A nice view always makes you feel better
The answer is often to our beautiful, wonderful, wounded natural world. It’s been proven time and time again that spending time in a natural environment is good for mental health. You see it, with groups and people on the reserves – they often arrived stressed, harried, grumpy …but by the time they walk back to the car are happy, relaxed and laughing. You feel it in yourself, going into the woods, surrounded by natural noises and sights and smells – you can feel parts of yourself opening up that you have to keep closed to function in ‘normal’ society. Often the natural world brings peace, a place away from other people and the distractions of modern life. It’s so nice not to have things that beep, ping, ring or, in in extreme cases, talk at you. Sometimes, you even need to get caught in a rainstorm, or a blizzard and have the weather kick the crap out of you, just remind yourself what’s real in our hectic, over-stimulated and (recently at least) overly stressed world. Yes, you get cold and wet, but you feel oh so good afterwards (especially clutching a nice Orcadian malt to help the warming process….).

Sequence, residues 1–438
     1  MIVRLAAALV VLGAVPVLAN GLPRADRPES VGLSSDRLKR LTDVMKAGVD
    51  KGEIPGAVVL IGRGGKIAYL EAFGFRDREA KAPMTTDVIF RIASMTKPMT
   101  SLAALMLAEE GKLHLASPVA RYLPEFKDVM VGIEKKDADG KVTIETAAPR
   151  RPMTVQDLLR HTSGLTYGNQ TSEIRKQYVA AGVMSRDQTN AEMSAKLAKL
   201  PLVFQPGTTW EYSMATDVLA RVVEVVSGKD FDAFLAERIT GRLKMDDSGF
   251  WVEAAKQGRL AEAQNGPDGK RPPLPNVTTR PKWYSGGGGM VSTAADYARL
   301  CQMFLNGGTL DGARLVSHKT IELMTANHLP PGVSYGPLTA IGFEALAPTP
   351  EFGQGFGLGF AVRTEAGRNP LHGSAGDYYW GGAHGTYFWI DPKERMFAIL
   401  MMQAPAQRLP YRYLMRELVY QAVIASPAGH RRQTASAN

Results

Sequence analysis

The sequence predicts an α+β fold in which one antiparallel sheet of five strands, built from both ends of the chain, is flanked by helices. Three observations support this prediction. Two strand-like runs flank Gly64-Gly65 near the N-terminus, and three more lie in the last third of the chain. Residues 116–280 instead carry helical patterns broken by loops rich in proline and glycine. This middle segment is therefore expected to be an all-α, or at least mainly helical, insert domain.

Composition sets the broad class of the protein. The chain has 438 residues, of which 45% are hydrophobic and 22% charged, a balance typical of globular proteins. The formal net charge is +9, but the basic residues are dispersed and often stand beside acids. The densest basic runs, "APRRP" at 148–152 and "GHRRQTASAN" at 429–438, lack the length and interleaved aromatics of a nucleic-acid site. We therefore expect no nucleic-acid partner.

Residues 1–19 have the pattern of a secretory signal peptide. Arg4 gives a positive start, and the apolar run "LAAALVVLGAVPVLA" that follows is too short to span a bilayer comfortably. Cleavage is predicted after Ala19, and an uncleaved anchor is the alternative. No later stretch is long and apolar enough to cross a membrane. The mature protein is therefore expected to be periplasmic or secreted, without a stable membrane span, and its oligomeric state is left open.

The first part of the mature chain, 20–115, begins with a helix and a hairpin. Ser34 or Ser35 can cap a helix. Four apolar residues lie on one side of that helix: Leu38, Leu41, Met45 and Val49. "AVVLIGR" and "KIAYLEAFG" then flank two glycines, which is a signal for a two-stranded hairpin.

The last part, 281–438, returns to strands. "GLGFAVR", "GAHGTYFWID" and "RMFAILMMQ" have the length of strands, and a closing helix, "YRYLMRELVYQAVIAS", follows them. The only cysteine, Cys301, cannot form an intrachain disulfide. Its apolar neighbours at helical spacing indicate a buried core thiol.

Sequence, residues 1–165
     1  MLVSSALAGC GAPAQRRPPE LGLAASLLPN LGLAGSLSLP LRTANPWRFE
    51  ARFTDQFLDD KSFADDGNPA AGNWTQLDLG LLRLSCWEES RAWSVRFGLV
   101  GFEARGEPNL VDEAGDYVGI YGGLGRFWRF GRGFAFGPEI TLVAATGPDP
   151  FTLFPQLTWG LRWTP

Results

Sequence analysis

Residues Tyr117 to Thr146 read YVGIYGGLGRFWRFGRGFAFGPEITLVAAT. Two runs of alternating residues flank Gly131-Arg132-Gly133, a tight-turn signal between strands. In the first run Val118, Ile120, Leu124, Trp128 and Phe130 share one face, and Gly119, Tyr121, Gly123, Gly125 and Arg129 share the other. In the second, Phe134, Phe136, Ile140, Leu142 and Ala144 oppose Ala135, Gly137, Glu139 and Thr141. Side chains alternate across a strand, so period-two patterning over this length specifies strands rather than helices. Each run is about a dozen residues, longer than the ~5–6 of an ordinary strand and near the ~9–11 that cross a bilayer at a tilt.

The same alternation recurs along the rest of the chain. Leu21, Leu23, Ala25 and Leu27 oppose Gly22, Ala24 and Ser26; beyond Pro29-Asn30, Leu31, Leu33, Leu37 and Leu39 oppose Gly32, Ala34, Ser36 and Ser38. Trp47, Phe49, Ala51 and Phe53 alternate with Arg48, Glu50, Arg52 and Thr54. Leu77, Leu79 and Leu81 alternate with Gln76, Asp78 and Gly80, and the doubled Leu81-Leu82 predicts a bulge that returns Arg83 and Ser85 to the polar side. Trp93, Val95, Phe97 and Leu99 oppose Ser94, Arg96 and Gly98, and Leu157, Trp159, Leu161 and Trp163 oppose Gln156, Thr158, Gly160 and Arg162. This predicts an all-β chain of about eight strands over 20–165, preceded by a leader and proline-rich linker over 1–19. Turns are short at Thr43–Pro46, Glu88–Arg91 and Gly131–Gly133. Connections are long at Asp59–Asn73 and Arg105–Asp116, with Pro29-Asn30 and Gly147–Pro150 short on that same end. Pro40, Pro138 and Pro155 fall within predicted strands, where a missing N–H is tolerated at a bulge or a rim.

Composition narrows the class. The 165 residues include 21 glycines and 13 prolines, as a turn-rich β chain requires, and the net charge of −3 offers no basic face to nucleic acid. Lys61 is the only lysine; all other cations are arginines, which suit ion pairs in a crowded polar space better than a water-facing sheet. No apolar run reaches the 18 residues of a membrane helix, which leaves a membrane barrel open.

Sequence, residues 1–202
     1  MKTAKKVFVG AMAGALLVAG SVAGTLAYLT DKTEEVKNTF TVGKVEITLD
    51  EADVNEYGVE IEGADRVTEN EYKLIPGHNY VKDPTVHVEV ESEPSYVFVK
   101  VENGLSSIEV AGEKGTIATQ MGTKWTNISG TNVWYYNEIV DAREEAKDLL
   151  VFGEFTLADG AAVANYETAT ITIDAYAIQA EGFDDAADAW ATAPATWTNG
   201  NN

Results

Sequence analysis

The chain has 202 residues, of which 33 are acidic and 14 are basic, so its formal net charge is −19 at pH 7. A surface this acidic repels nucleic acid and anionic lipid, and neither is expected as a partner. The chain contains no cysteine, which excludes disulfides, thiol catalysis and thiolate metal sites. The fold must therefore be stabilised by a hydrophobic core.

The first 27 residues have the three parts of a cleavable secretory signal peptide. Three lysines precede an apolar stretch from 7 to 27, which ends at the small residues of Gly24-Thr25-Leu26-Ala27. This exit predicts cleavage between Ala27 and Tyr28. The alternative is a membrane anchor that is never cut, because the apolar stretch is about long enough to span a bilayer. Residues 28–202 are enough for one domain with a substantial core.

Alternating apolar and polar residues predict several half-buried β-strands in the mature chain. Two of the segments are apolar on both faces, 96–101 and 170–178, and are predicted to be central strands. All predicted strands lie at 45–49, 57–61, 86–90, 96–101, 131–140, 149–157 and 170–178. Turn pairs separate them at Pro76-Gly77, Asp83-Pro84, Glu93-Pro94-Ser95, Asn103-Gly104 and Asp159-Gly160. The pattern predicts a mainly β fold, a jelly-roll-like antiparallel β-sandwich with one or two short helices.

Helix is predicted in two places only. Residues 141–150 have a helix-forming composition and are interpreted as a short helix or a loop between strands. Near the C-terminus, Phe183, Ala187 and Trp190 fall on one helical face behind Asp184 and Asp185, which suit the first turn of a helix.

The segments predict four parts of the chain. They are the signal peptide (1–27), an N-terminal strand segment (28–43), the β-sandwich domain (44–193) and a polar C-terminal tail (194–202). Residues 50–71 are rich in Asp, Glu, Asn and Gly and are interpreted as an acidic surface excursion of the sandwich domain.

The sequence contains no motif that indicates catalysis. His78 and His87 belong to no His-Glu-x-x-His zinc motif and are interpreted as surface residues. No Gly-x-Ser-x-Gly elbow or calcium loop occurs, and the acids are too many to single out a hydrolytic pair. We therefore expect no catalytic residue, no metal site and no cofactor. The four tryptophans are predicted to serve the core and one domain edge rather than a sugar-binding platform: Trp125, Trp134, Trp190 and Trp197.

Snow shower coming…
We need the natural world. It’s a given, that we need a healthy planet to live on – we all need clean air, water and food to thrive – but we also need it for the good of our minds. Call it mental heath, call it psyche, call it soul, call it what you will, but nature is good for it. Now, I’m the first to admit, people frequently do my head in. I’m a self-confessed socially-awkward misanthrope and maybe I should just be better at dealing with things I don’t like or agree with. But I am lucky that I can always turn to the natural world for a ‘lift’ – the way the sun plays on the estuary at sunrise. Or a starry sky. Or watching gulls wheel on the wind. Or even just appreciating the stately form of winter trees against a sunset sky.